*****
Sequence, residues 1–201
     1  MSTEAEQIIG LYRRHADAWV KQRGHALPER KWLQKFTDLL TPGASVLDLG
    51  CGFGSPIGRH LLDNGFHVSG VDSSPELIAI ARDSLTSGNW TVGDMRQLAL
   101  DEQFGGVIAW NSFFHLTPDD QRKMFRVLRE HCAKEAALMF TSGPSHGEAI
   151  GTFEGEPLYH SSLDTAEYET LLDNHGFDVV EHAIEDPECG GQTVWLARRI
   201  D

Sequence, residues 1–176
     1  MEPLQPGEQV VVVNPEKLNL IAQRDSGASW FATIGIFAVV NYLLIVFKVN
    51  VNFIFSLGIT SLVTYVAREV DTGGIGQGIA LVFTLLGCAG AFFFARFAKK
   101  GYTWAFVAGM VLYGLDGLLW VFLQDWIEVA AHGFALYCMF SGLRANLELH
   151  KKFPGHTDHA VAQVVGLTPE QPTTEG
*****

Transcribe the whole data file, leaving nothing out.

Sequence, residues 1–201
     1  MSTEAEQIIG LYRRHADAWV KQRGHALPER KWLQKFTDLL TPGASVLDLG
    51  CGFGSPIGRH LLDNGFHVSG VDSSPELIAI ARDSLTSGNW TVGDMRQLAL
   101  DEQFGGVIAW NSFFHLTPDD QRKMFRVLRE HCAKEAALMF TSGPSHGEAI
   151  GTFEGEPLYH SSLDTAEYET LLDNHGFDVV EHAIEDPECG GQTVWLARRI
   201  D

Sequence, residues 1–176
     1  MEPLQPGEQV VVVNPEKLNL IAQRDSGASW FATIGIFAVV NYLLIVFKVN
    51  VNFIFSLGIT SLVTYVAREV DTGGIGQGIA LVFTLLGCAG AFFFARFAKK
   101  GYTWAFVAGM VLYGLDGLLW VFLQDWIEVA AHGFALYCMF SGLRANLELH
   151  KKFPGHTDHA VAQVVGLTPE QPTTEG